6 Swap-Outs That Will Save You in a Pinch

We’ve all been there before.  That sinking feeling that strikes when you’re knee-deep in putting together a cake and open the cupboard to find that you’re out of brown sugar.  Or when company is 20 minutes away and, because you’re all out of it, your buttermilk mashed potatoes will be reduced to simply “mashed potatoes”.

I think we’re all in agreement that using the real thing 100% of the time is the best way to go.  But sometimes, life just doesn’t work out that way.  That’s why keeping a cache of “swap-outs” in your back pocket can turn potential culinary ruin into a quick fix that keeps everyone none-the-wiser.  Check these out:


Buttermilk’s origins are just as its name says – it was originally the milk that was leftover after butter was churned.  While you can still find it made that way occasionally nowadays, more common labels read “cultured buttermilk”, as whole or low fat milk is treated with lactic acid and allowed to ferment slightly, creating the tangy yogurt-like flavor that adds such delicious richness to things like mashed potatoes or biscuits.  You can make a quickie buttermilk at home by stirring together 1 cup of milk with 1 tablespoon of white vinegar.  Allow the mixture to sit at room temperature for 5 minutes and you’ll have yourself some “in a pinch” buttermilk.


I always equate allspice with one of those exotic, “used once or twice a year” spices that ends up finding a cozy home under dust in the back corner of my pantry.  Don’t get me wrong – it’s delicious!  It’s just one of those things that only pops up in a recipe occasionally.  If you find yourself fresh out of it next time you’re whipping up an apple dessert or spice cake, mix together equal parts ground cinnamon and ground cloves with a dash of nutmeg and you’ll have “all the spice” you’ll need.


Rach and I are for sure in agreement that chili powder is one those magic spices that just makes everything better.  Rubbed on meats before cooking or added to biscuits and cornbread before baking, this guy knows no boundaries.  While everyone has their favorite variety – hot or sweet or smokey – if you’re all out (or even want to experiment with making your own), stir together 2 parts ground cumin, 1 part cayenne pepper or smoked paprika (depending on your preference of hot vs. smokey sweet), 1 part dried oregano, and 1 part garlic powder.  This will get you through that next pot of chili and maybe even open the door for you to create your own perfect homemade “secret recipe” chili powder.


While this tip isn’t for one ingredient in particular, many recipes like gravies and stir fry sauces use a thickener like cornstarch or flour to get that perfect “saucy” consistency.  While each of them thickens a little differently and may appear in different recipes for different reasons, know that 1 tablespoon of cornstarch = 2 tablespoons of tapioca starch = 2 tablespoons of all-purpose flour = 2 1/2 teaspoons of arrowroot starch.  You can swap these out for another, just make sure that you’re still following the recipe method exactly, as some of these (the starches in particular) need to be dissolved in a liquid before stirring them into a sauce base.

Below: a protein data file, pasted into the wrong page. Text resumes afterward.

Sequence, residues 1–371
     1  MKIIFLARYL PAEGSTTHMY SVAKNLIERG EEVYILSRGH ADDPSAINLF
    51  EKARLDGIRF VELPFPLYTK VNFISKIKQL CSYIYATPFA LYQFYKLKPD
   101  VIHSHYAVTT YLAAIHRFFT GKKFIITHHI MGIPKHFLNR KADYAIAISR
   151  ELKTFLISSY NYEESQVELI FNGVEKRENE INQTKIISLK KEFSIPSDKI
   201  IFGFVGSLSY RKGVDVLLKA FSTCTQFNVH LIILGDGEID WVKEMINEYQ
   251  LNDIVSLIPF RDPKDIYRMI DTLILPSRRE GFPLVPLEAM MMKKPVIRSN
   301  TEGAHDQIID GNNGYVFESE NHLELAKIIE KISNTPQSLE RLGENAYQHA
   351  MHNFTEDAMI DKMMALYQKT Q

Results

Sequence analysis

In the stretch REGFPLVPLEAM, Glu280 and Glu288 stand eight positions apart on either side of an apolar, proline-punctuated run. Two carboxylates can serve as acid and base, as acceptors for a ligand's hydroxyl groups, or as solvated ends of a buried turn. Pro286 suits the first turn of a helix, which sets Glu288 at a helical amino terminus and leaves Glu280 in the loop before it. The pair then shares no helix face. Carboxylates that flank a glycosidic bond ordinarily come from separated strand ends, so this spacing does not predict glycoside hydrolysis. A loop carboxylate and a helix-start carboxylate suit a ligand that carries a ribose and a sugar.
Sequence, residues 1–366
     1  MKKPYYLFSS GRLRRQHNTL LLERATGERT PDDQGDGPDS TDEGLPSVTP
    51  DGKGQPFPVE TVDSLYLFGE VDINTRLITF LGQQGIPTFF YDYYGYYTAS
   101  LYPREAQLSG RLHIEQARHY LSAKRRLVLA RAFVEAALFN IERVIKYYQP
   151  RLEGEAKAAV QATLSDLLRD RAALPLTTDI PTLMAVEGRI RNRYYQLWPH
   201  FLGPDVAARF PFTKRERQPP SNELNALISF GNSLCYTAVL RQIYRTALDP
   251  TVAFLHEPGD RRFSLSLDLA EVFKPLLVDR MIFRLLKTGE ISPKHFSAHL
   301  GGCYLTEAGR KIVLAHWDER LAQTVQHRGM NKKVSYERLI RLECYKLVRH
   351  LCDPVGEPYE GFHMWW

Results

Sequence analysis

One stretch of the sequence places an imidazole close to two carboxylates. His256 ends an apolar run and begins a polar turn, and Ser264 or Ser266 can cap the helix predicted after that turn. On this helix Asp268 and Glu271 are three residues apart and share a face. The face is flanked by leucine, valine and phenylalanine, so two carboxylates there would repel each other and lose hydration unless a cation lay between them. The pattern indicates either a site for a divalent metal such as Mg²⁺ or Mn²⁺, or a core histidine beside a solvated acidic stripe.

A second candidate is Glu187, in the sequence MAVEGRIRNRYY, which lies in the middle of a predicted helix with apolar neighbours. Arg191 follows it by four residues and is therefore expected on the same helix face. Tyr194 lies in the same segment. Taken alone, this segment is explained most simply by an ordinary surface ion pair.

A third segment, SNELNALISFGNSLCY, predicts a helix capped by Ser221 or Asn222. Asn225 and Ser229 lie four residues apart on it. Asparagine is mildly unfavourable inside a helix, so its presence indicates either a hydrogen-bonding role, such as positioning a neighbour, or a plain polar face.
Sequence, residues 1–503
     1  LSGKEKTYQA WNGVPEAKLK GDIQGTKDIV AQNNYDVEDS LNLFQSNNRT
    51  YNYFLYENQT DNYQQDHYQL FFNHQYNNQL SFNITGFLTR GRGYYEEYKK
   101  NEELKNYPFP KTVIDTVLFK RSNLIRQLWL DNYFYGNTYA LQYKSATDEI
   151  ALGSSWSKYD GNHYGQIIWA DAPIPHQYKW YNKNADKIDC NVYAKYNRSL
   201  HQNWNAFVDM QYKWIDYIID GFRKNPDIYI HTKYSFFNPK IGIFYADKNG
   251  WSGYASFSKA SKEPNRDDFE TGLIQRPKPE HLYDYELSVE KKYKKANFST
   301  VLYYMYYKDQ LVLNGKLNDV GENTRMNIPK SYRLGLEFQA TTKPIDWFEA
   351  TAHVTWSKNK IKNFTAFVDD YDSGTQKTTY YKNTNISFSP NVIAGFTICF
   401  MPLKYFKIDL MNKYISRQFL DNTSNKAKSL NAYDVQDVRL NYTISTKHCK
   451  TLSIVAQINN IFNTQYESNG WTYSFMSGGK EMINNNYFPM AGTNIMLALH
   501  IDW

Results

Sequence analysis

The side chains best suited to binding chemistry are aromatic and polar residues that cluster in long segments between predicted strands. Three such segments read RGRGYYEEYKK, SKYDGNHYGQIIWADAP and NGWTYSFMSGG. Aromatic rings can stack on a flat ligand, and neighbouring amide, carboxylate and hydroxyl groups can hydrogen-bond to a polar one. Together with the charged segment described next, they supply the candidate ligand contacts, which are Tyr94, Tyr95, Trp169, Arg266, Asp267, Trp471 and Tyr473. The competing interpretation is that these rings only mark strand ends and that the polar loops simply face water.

Cream of tartar, in my book, plots a course similar to that of allspice.  It’s very effective when used in cooking preparations but not commonly found in many recipes.  Cream of tartar is based with tartaric acid, which is actually what develops on the inside of wine barrels as wine is fermenting.  It’s used mostly in baking applications when whipping eggs or egg whites, as the tartaric acid relaxes the proteins in the eggs, allowing them to be whipped to a greater volume.  Should you find yourself in the throws of a lemon meringue pie with no cream of tartar for your meringue, swap out 1/2 teaspoon of cream of tartar with 1 1/2 teaspoons of lemon juice or vinegar.


Brown sugar is one of my favorite things to use in both sweet and savory applications.  Being that it’s white sugar that has been mixed with molasses, it retains the moisture in baked goods, keeping them tender for longer.  When added to savory dishes like salad dressings or chili, it adds a bit of sweetness while highlighting the deep flavors that already makes those recipes so delicious.  If you’re fresh out of brown sugar (or you’ve left your box in the pantry so long that it has hardened on you), use 1 cup of white sugar and add 1 tablespoon of molasses for “light” or 2 tablespoons for “dark”.

Patrick W. Decker’s life revolves around food. Always has. Probably always will. As a graduate of The Culinary Institute of America and past member of the culinary team on Rachael’s daytime talk show, he now works as a food stylist and producer in NYC by day, and a food writer and recipe developer at his home in New York’s Hudson Valley by night. You can see what he’s up to by following his latest twEATs on Twitter at @patrickwdecker or visiting his website at

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